When consuming medications, the body does not always utilize the entire dose and consequently we excrete, typically via urine, small concentrations of the unchanged parent compound or a biologically active metabolite. In many countries around the world our wastes are processed by waste water treatment facilities, however, they are not equipped to remove drugs from sewage and are consequently released into waterways. Aging infrastructure, leaking septic tanks and sewer overflows also contribute to this problem.
While landmark studies such as Kolpin et al 2002 identified drug contamination in waterways specifically water samples, very little was known about their presence and persistence in aquatic food webs. Emma Rosi, Michael Grace and I began to examine the effects of pharmaceuticals on streams and the insects that live within them, finding out that common drugs can influence aquatic insect emergence and alter rates of primary productivity within streams. But the questions still remained: Do drugs accumulate and move through aquatic food webs? What are the implications for predators living in streams?
We set out to answer these questions in our recent paper published in Nature Communications: A diverse suite of pharmaceuticals contaminants stream and riparian food webs. The approach was reasonably simple: select sites with various waste water signals, as we know that waste water is a direct source of pharmaceutical contamination, and collect aquatic invertebrates and riparian spiders to test for pharmaceuticals, assemble an international team of researchers with complementary skills.
As freshwater ecologists, collecting invertebrates and riparian spiders was simple; the difficult part was working out how to extract pharmaceuticals from the 100's of bugs and spiders. Coincidentally, Jerker Fick, a pharmacologist and analytical chemist from Umea, Sweden was visiting Monash University and after listening to his talk at a symposium I immediately jumped at the chance and asked if Jerker would like to work with our team. The result of this encounter was that over 200 insect and spiders could be analysed for almost 100 different pharmaceutical compounds. The largest data set to our knowledge.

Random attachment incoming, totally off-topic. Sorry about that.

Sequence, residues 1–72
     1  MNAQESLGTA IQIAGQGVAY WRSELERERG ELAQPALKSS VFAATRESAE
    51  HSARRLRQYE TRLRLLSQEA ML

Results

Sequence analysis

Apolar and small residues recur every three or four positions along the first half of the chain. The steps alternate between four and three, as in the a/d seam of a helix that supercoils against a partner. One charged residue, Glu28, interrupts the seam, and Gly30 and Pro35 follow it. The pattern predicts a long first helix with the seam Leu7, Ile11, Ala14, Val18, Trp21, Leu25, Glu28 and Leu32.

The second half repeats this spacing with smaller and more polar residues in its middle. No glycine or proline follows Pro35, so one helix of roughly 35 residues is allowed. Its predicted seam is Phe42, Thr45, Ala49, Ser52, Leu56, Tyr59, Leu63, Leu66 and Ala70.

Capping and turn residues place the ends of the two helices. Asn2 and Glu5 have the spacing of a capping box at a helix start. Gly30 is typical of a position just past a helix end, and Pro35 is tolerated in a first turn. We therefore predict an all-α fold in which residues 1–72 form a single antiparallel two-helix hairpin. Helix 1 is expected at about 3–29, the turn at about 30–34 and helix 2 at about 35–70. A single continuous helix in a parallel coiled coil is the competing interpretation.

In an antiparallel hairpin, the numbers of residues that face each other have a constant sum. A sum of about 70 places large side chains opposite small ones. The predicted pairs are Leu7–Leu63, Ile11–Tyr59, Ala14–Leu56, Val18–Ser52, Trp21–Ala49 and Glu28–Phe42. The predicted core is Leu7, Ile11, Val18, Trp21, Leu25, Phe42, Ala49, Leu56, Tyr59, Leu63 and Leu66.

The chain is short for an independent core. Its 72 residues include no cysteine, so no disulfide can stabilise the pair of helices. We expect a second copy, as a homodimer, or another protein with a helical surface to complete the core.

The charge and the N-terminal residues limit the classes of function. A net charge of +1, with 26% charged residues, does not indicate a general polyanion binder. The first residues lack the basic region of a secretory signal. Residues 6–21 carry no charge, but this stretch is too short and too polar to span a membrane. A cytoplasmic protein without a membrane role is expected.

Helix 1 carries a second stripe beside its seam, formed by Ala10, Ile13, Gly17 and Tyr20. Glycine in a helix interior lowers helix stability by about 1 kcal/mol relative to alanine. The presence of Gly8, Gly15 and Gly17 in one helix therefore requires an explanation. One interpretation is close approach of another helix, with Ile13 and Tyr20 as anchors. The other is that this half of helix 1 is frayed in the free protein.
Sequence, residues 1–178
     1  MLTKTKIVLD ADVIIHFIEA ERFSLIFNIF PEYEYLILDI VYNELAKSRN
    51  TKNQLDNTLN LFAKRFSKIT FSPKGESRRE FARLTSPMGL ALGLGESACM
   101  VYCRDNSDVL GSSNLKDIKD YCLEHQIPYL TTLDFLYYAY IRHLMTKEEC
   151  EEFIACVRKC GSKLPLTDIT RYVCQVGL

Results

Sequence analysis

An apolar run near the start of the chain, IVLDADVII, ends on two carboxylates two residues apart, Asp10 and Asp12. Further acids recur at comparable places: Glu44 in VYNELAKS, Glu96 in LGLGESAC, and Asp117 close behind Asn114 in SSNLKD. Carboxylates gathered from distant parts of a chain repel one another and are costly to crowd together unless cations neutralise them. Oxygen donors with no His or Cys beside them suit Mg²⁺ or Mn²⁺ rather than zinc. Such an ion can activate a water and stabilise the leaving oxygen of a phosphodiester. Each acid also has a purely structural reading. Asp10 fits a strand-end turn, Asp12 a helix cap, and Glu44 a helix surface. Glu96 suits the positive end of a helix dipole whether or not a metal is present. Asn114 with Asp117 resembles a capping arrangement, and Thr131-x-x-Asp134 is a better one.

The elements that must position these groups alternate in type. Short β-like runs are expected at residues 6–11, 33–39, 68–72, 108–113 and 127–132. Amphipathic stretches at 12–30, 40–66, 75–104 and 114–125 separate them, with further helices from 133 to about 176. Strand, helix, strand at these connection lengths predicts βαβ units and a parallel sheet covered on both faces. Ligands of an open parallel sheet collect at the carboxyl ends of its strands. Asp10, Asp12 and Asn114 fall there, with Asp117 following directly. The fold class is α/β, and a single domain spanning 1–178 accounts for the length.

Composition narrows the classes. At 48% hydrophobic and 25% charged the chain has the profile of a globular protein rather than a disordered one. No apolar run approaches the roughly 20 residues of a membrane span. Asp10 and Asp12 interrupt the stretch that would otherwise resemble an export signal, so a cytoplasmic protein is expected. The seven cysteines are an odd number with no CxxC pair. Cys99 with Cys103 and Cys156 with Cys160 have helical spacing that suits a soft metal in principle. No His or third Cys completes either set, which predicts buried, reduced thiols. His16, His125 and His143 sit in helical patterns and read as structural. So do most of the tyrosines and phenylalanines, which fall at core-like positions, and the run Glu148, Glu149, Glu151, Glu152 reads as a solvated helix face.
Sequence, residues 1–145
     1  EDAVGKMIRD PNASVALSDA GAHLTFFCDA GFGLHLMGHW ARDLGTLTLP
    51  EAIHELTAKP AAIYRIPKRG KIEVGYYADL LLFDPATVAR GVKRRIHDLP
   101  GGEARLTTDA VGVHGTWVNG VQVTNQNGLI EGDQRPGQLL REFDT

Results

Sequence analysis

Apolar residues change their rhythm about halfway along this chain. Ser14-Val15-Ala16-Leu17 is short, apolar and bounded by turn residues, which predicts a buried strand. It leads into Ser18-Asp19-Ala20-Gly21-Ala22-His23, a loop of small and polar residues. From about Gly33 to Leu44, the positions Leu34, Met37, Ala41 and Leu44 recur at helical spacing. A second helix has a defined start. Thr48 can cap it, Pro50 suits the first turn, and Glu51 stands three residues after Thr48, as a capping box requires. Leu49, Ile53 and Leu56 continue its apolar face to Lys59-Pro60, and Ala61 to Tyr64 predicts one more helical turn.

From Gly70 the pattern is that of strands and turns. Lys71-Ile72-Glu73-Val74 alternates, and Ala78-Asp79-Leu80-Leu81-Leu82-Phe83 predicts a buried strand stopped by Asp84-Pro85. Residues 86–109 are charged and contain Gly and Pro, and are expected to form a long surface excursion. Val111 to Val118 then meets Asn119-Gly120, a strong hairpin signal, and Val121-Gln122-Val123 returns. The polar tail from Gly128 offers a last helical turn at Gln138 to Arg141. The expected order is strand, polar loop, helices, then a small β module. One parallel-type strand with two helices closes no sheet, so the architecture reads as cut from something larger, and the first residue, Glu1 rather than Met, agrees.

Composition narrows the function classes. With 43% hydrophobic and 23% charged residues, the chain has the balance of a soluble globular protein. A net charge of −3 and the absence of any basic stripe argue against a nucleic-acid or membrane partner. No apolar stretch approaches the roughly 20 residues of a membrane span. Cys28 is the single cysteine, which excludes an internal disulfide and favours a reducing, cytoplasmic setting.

Upon receiving the pharmaceutical analysis results it was clear that we had begun to answer our questions. Yes there were drugs in bugs but perhaps the most exciting part was that there were clearly drugs in riparian web building spiders – these guys feed almost exclusively on emerged aquatic insects! Drugs move through food webs and can be dispersed into the riparian landscape!
Even better, although we were unable to directly measure pharmaceutical concentrations in platypus and trout, we were able to use the concentrations found in bugs, combined with published food intake requirements to estimate what portion of human dose of certain drugs platypus and trout may be exposed to. We calculated that a platypus consuming insects from within the most impacted site that we studied would be exposed to half of a human daily dose of antidepressants. So, does that mean that the platypuses in Australia are all happy? It is possible that these human drugs are altering the behavior and the biology of the platypus? Studies show this happens to fish (Martin et al 2018, Brodin et al 2013), but as for platypus this question remains unanswered. What does it mean to be a platypus living in and feeding on insects swimming in pharmaceutical pollution?
As is often the outcome of scientific studies, many questions still remain. Our research makes it clear that pharmaceuticals are now moving though aquatic food webs and are capable of spreading to the terrestrial environment and it is becoming increasingly apparent that more research is needed to understand the fate of pharmaceuticals in the environment and what effects these drugs have on the animals and plants that live in or frequent aquatic environments.